Intel officials say their vision of a wireless PC experience will start becoming a reality by the end of 2015.
During two talks at the Intel Developer Forum (IDF) 2014 this week in San Francisco, Kirk Skaugen, senior vice president and general manager of the chip maker's PC Client Group, said Intel's upcoming "Skylake" 14-nanometer processors will help usher in the technologies that will make computing free of wires—and that includes wires for charging the systems and cables for connecting them to monitors and other peripherals.
"At the end of the day, we carry around this rat's nest of cables," Skaugen said, adding that next year, Intel will introduce a reference platform that will help users get rid of all the wires.
Intel officials began talking publicly about their efforts to bring about a wire-free computing environment, including the company's embrace of the WiGig wireless technology—which is faster than traditional WiFi—and its work with the Alliance for Wireless Power (A4WP) industry consortium that is developing the Rezence standard.
With Skylake, the company will be able to move the PC industry in that direction through the use of a range of such wireless technologies, Skaugen said. Intel early next year will begin rolling out reference designs for two-in-one form factors and PCs that feature the wire-free capabilities, with the expectation that commercial systems will hit the market by the end of 2015 and into 2016.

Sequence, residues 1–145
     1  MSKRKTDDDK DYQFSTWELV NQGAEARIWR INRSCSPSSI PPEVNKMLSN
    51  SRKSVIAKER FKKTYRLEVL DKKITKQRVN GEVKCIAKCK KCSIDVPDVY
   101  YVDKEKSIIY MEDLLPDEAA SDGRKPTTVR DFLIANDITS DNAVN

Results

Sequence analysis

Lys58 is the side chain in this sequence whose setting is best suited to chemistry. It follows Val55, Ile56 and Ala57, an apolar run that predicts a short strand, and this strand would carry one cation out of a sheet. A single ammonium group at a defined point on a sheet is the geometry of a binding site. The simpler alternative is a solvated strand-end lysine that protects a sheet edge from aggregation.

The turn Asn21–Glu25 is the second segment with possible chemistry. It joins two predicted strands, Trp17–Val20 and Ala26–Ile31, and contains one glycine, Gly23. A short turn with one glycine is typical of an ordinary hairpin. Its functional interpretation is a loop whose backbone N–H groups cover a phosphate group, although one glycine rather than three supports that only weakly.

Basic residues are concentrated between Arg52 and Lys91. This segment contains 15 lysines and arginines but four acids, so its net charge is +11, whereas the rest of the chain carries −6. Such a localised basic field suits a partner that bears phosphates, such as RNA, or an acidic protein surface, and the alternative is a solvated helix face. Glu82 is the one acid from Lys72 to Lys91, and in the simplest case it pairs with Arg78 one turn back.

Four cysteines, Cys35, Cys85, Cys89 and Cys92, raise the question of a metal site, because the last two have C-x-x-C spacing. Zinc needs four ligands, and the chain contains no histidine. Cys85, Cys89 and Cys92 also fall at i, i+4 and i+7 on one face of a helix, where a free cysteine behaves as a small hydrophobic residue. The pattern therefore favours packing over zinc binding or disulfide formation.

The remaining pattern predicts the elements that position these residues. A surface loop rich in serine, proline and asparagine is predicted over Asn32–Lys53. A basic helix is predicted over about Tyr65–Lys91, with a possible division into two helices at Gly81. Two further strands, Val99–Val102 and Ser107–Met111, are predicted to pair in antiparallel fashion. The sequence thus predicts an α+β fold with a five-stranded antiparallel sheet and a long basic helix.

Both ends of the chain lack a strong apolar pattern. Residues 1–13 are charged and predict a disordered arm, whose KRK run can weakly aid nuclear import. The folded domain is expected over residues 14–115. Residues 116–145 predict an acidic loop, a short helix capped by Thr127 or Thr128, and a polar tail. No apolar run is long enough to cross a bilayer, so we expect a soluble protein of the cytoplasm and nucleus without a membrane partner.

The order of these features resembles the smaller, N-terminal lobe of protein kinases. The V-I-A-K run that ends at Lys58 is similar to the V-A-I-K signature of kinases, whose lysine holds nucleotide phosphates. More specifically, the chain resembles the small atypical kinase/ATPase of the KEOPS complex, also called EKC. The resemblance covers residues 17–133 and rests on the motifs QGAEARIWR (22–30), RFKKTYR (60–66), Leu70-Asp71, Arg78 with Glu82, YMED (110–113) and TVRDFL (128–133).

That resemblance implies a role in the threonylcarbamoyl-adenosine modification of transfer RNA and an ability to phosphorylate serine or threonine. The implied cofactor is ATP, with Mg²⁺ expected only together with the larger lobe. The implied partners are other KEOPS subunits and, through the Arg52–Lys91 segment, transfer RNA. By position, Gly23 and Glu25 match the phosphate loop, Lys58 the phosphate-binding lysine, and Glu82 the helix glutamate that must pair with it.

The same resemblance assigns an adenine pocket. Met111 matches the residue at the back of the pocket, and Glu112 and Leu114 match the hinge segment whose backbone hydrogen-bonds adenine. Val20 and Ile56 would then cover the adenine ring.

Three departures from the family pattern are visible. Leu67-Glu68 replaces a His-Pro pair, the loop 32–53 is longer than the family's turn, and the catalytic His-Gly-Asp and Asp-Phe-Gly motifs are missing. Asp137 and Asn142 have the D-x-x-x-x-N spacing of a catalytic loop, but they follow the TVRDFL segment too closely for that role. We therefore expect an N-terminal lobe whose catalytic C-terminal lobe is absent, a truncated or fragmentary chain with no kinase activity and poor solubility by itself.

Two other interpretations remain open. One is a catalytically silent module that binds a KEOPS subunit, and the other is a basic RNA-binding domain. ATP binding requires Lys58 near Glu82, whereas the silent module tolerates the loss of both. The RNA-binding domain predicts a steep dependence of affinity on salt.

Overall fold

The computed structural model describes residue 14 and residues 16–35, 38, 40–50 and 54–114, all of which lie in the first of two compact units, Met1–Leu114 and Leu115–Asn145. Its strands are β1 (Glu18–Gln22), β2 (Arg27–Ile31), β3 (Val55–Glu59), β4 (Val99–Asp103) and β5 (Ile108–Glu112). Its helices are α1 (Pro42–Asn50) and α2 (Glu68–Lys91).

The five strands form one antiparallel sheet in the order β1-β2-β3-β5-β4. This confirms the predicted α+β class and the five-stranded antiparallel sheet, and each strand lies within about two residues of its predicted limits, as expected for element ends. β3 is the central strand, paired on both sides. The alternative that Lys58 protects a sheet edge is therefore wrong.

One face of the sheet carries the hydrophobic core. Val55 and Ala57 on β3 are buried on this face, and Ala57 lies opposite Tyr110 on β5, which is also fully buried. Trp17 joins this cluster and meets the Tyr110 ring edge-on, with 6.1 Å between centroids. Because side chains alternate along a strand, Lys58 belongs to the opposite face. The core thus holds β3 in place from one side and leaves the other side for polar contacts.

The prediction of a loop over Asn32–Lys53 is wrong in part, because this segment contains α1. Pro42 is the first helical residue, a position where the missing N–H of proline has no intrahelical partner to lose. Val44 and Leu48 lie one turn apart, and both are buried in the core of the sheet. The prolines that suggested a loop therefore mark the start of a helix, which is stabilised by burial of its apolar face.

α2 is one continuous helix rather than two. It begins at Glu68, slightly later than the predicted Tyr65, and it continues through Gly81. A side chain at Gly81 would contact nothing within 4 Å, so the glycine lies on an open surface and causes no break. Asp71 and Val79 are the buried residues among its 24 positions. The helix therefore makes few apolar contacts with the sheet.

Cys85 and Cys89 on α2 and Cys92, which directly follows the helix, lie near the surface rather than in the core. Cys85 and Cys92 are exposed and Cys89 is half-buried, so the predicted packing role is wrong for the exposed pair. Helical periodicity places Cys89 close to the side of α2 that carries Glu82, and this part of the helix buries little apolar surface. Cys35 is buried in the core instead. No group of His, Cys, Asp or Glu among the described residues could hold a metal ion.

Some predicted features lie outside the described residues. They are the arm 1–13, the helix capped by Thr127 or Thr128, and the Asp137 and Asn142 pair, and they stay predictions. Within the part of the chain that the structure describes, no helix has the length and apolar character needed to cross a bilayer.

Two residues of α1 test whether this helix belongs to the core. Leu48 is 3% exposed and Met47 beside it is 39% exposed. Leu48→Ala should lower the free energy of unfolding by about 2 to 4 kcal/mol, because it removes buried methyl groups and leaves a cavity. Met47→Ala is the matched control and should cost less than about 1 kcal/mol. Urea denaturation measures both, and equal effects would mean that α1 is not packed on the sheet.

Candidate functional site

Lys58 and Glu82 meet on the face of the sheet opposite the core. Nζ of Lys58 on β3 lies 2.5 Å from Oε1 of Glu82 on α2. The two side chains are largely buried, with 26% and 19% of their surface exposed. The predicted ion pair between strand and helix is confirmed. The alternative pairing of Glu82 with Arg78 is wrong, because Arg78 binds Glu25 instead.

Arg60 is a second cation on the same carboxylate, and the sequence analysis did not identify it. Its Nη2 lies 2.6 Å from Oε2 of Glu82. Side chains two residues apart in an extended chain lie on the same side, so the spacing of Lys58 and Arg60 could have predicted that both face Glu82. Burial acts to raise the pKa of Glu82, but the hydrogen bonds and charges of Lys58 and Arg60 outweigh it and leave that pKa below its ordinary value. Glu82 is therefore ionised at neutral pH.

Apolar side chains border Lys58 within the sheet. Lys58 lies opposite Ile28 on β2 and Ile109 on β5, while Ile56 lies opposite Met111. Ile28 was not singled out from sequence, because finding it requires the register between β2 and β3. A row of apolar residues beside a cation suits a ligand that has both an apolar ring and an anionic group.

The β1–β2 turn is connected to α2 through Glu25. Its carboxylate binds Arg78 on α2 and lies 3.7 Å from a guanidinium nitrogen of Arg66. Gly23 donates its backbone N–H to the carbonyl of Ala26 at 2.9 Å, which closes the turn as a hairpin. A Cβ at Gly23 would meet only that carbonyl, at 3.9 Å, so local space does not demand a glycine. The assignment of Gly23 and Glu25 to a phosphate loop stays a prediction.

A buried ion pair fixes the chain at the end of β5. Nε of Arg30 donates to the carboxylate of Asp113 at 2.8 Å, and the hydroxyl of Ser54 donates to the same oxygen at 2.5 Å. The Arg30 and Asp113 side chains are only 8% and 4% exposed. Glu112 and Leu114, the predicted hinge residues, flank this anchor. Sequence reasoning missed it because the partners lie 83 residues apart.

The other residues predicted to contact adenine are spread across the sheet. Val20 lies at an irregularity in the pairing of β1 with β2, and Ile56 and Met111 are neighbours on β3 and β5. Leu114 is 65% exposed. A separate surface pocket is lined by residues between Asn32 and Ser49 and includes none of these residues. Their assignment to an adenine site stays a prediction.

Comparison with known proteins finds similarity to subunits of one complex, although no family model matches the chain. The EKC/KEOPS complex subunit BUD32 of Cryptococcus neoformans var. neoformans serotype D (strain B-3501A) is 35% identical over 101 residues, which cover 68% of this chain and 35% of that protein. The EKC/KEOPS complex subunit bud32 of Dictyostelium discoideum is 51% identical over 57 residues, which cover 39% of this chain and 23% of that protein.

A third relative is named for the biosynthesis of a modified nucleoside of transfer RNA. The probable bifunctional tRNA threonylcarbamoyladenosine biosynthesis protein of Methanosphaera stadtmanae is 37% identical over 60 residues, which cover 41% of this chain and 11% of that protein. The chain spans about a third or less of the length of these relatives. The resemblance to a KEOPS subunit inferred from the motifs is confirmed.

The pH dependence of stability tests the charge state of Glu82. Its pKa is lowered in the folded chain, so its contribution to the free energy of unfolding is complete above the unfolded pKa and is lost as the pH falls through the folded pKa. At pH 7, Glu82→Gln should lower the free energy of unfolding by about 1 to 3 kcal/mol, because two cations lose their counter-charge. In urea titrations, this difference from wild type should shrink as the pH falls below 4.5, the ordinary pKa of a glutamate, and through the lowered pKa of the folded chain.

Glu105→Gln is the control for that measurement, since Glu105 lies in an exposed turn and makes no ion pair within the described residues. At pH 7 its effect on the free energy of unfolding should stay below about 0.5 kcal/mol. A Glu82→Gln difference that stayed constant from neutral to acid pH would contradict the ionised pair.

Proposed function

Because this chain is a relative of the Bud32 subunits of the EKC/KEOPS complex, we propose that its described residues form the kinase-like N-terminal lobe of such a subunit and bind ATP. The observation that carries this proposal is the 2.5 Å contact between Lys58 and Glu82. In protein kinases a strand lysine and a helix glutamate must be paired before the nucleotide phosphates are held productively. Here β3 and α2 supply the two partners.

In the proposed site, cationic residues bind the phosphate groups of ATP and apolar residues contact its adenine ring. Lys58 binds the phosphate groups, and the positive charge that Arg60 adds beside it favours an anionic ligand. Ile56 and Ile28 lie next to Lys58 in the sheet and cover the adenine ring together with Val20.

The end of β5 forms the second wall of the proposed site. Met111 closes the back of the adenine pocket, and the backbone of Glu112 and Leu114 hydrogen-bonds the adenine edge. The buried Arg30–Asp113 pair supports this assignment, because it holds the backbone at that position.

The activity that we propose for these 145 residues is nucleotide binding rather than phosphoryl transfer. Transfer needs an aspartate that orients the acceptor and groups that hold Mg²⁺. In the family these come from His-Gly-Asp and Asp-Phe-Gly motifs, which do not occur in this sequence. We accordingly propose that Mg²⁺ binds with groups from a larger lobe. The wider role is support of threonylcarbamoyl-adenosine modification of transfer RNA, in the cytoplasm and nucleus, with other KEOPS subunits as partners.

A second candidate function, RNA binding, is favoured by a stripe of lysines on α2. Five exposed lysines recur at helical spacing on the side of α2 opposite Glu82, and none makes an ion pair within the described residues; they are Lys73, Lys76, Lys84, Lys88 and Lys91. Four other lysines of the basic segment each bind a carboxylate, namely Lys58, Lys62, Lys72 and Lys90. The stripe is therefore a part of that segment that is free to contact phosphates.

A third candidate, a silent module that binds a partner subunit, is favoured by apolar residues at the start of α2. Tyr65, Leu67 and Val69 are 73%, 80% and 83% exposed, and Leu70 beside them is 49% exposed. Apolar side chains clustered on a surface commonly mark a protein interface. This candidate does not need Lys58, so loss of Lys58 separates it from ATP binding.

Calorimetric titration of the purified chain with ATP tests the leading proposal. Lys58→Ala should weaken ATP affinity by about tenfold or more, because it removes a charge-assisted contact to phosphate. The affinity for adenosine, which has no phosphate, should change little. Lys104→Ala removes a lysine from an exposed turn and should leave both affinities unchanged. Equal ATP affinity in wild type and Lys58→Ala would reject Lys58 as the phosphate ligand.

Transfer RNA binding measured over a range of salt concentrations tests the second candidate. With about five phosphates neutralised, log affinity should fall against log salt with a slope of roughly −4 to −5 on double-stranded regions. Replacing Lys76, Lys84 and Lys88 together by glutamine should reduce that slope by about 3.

Skaugen and other Intel officials, as well as industry analysts, have compared the chip maker's ambitions around wireless charging and other capabilities to the multibillion-dollar program that began in 2003 with the launch of Intel's Centrino mobile platform that helped make WiFi ubiquitous. Taking cables out of the equation also will help an embattled global PC industry that has seen sales slow over the past few years in the wake of competition from tablets.
"The industry importance of this is to keep the PC platform differentiated and relevant, as the mobile platform players would like nothing more than the PC to wither away and experience a boring death," Patrick Moorhead, principal analyst with Moor Insights and Strategy, wrote in a blog for Forbes. "Intel has experience in getting new PC experiences adopted as evidenced by the billions spent on WiFi and I see the same level of motivation and intensity with removing cables."
The drive toward wireless charging is being pushed by a broad range of tech vendors. While Intel has embraced the Rezence standard, other industry groups—including the Wireless Power Consortium and Powers Matter Alliance—also are focusing on the issue, with the Wireless Power Consortium offering its own standard, call Qi.
With Rezence, the idea is to put support for it in a wide range of mobile products—from smartphones and tablets to PCs and wearable devices—and as well as throughout homes and businesses. Essentially, anything—from tables to a toaster, as shown off by Skaugen during IDF—can be made to be a wireless charging station by putting Rezence-based wireless charging pads into or on top of them, enabling users to simply put their devices onto such places to charge them.